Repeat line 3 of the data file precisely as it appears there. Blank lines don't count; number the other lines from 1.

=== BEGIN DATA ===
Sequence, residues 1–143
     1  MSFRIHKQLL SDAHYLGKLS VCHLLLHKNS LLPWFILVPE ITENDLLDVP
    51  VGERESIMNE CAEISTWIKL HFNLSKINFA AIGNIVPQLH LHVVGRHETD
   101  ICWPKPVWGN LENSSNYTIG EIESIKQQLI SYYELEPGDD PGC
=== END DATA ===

    51  VGERESIMNE CAEISTWIKL HFNLSKINFA AIGNIVPQLH LHVVGRHETD